Parameters Probability density function Cumulative distribution function ${\displaystyle m{\text{ or ))\mu \geq 0.5}$ shape (real)${\displaystyle \Omega {\text{ or ))\omega >0}$ spread (real) ${\displaystyle x>0\!}$ ${\displaystyle {\frac {2m^{m)){\Gamma (m)\Omega ^{m))}x^{2m-1}\exp \left(-{\frac {m}{\Omega ))x^{2}\right)}$ ${\displaystyle {\frac {\gamma \left(m,{\frac {m}{\Omega ))x^{2}\right)}{\Gamma (m)))}$ ${\displaystyle {\frac {\Gamma (m+{\frac {1}{2)))}{\Gamma (m)))\left({\frac {\Omega }{m))\right)^{1/2))$ No simple closed form ${\displaystyle {\frac {\sqrt {2)){2))\left({\frac {(2m-1)\Omega }{m))\right)^{1/2))$ ${\displaystyle \Omega \left(1-{\frac {1}{m))\left({\frac {\Gamma (m+{\frac {1}{2)))}{\Gamma (m)))\right)^{2}\right)}$

The Nakagami distribution or the Nakagami-m distribution is a probability distribution related to the gamma distribution. The family of Nakagami distributions has two parameters: a shape parameter ${\displaystyle m\geq 1/2}$ and a second parameter controlling spread ${\displaystyle \Omega >0}$.

## Characterization

Its probability density function (pdf) is[1]

${\displaystyle f(x;\,m,\Omega )={\frac {2m^{m)){\Gamma (m)\Omega ^{m))}x^{2m-1}\exp \left(-{\frac {m}{\Omega ))x^{2}\right),\forall x\geq 0.}$

where ${\displaystyle (m\geq 1/2,{\text{ and ))\Omega >0)}$

${\displaystyle F(x;\,m,\Omega )=P\left(m,{\frac {m}{\Omega ))x^{2}\right)}$

where P is the regularized (lower) incomplete gamma function.

## Parametrization

The parameters ${\displaystyle m}$ and ${\displaystyle \Omega }$ are[2]

${\displaystyle m={\frac {\left(\operatorname {E} \left[X^{2}\right]\right)^{2)){\operatorname {Var} \left[X^{2}\right])),}$

and

${\displaystyle \Omega =\operatorname {E} \left[X^{2}\right].}$

## Parameter estimation

An alternative way of fitting the distribution is to re-parametrize ${\displaystyle \Omega }$ and m as σ = Ω/m and m.[3]

Given independent observations ${\textstyle X_{1}=x_{1},\ldots ,X_{n}=x_{n))$ from the Nakagami distribution, the likelihood function is

${\displaystyle L(\sigma ,m)=\left({\frac {2}{\Gamma (m)\sigma ^{m))}\right)^{n}\left(\prod _{i=1}^{n}x_{i}\right)^{2m-1}\exp \left(-{\frac {\sum _{i=1}^{n}x_{i}^{2)){\sigma ))\right).}$

Its logarithm is

${\displaystyle \ell (\sigma ,m)=\log L(\sigma ,m)=-n\log \Gamma (m)-nm\log \sigma +(2m-1)\sum _{i=1}^{n}\log x_{i}-{\frac {\sum _{i=1}^{n}x_{i}^{2)){\sigma )).}$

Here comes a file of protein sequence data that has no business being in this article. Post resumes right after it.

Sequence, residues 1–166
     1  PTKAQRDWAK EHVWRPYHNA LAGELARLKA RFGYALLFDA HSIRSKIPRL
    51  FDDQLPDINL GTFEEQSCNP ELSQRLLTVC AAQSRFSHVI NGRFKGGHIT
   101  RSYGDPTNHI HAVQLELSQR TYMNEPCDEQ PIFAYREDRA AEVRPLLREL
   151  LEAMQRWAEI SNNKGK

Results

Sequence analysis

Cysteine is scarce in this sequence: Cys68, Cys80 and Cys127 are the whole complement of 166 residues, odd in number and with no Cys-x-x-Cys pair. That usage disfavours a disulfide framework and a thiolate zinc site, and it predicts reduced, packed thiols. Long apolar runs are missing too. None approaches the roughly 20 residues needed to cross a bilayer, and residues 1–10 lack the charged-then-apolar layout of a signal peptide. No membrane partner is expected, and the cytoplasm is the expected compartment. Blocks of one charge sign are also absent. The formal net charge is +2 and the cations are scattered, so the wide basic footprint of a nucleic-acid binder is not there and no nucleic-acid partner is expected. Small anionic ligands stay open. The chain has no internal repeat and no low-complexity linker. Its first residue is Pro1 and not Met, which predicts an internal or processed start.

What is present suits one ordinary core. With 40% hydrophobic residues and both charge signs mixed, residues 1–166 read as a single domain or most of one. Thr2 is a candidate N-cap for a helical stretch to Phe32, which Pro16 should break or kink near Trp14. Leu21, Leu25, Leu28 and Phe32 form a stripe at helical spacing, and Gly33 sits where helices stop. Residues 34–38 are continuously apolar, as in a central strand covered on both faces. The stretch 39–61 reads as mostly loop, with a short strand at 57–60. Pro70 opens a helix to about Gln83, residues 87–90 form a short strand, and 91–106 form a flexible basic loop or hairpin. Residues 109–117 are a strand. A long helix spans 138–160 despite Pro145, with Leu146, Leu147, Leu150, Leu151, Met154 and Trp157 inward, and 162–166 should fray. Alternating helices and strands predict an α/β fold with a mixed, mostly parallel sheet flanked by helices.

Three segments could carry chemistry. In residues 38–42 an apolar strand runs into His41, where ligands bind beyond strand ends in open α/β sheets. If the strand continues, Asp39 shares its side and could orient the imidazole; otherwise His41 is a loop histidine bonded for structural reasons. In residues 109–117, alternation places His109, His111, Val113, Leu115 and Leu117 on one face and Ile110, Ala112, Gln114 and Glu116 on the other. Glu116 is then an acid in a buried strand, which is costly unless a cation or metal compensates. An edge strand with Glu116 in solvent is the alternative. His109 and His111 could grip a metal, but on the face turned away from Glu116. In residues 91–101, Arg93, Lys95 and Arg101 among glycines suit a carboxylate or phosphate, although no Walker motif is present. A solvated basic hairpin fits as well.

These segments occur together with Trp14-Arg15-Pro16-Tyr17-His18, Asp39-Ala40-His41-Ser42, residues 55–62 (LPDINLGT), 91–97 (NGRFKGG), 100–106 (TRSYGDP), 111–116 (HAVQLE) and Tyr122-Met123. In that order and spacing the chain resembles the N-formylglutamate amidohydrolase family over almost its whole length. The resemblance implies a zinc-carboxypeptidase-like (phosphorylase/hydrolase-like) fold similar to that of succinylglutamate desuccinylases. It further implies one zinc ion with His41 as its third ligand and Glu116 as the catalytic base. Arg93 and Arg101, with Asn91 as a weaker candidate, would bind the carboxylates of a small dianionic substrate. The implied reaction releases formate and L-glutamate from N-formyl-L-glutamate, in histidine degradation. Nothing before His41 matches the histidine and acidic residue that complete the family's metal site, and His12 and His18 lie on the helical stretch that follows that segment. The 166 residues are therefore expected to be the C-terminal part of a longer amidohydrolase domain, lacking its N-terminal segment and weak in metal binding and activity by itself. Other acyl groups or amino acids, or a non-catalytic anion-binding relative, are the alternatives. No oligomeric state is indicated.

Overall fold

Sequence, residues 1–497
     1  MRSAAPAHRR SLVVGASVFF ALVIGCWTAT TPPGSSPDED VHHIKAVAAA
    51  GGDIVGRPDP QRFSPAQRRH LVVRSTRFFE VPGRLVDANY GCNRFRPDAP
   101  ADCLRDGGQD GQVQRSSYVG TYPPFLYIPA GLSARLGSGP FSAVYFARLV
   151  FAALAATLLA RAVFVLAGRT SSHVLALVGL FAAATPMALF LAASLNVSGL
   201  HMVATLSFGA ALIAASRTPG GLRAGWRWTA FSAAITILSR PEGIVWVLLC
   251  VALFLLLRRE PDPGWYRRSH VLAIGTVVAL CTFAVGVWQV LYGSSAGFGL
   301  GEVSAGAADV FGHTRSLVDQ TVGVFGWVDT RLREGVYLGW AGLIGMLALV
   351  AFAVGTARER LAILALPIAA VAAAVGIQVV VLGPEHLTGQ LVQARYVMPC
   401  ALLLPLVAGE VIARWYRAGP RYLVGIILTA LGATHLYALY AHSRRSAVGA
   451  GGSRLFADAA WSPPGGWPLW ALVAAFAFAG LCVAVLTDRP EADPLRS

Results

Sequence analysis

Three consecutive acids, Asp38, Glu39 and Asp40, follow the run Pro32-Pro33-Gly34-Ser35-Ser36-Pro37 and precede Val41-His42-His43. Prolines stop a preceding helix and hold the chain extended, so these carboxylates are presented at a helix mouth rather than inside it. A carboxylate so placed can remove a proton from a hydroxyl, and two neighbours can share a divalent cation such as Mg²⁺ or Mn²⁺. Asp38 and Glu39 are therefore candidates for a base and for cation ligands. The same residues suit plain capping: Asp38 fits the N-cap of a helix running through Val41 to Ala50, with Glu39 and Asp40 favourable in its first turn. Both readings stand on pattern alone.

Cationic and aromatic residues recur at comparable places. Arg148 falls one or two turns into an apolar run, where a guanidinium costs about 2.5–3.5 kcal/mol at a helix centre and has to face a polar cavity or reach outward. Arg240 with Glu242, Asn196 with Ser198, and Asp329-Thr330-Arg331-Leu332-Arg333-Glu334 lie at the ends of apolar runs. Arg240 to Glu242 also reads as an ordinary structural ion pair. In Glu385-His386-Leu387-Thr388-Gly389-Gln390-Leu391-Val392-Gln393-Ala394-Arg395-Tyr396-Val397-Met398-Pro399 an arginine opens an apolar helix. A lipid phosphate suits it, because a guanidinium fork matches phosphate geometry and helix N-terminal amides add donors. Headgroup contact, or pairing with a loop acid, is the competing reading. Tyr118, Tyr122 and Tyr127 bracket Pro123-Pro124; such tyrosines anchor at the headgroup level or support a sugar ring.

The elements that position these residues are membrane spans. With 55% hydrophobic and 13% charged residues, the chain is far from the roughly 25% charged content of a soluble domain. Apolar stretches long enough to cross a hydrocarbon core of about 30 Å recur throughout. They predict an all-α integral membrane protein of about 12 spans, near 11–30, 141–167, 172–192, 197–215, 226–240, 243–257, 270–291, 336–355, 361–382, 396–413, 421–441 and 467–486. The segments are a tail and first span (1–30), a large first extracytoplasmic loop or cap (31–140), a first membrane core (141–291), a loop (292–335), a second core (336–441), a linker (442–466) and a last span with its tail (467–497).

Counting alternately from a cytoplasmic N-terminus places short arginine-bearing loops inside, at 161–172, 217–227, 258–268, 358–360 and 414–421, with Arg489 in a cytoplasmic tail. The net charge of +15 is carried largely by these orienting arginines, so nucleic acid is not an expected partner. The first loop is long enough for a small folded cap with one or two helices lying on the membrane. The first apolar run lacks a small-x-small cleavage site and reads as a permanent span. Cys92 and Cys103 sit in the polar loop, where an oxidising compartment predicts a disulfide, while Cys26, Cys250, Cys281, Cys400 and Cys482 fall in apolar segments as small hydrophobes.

Therefore

{\displaystyle {\begin{aligned}{\frac {\partial \ell }{\partial \sigma ))={\frac {-nm\sigma +\sum _{i=1}^{n}x_{i}^{2)){\sigma ^{2))}\quad {\text{and))\quad {\frac {\partial \ell }{\partial m))=-n{\frac {\Gamma '(m)}{\Gamma (m)))-n\log \sigma +2\sum _{i=1}^{n}\log x_{i}.\end{aligned))}

These derivatives vanish only when

${\displaystyle \sigma ={\frac {\sum _{i=1}^{n}x_{i}^{2)){nm))}$

and the value of m for which the derivative with respect to m vanishes is found by numerical methods including the Newton–Raphson method.

It can be shown that at the critical point a global maximum is attained, so the critical point is the maximum-likelihood estimate of (m,σ). Because of the equivariance of maximum-likelihood estimation, one then obtains the MLE for Ω as well.

## Generation

The Nakagami distribution is related to the gamma distribution. In particular, given a random variable ${\displaystyle Y\,\sim {\textrm {Gamma))(k,\theta )}$, it is possible to obtain a random variable ${\displaystyle X\,\sim {\textrm {Nakagami))(m,\Omega )}$, by setting ${\displaystyle k=m}$, ${\displaystyle \theta =\Omega /m}$, and taking the square root of ${\displaystyle Y}$:

${\displaystyle X={\sqrt {Y)).\,}$

Alternatively, the Nakagami distribution ${\displaystyle f(y;\,m,\Omega )}$ can be generated from the chi distribution with parameter ${\displaystyle k}$ set to ${\displaystyle 2m}$ and then following it by a scaling transformation of random variables. That is, a Nakagami random variable ${\displaystyle X}$ is generated by a simple scaling transformation on a Chi-distributed random variable ${\displaystyle Y\sim \chi (2m)}$ as below.

${\displaystyle X={\sqrt {(\Omega /2m)Y)).}$

For a Chi-distribution, the degrees of freedom ${\displaystyle 2m}$ must be an integer, but for Nakagami the ${\displaystyle m}$ can be any real number greater than 1/2. This is the critical difference and accordingly, Nakagami-m is viewed as a generalization of Chi-distribution, similar to a gamma distribution being considered as a generalization of Chi-squared distributions.

## History and applications

The Nakagami distribution is relatively new, being first proposed in 1960.[4] It has been used to model attenuation of wireless signals traversing multiple paths[5] and to study the impact of fading channels on wireless communications.[6]

## Related distributions

• Restricting m to the unit interval (q = m; 0 < q < 1)[dubious ] defines the Nakagami-q distribution, also known as Hoyt distribution.[7][8][9]

"The radius around the true mean in a bivariate normal random variable, re-written in polar coordinates (radius and angle), follows a Hoyt distribution. Equivalently, the modulus of a complex normal random variable does."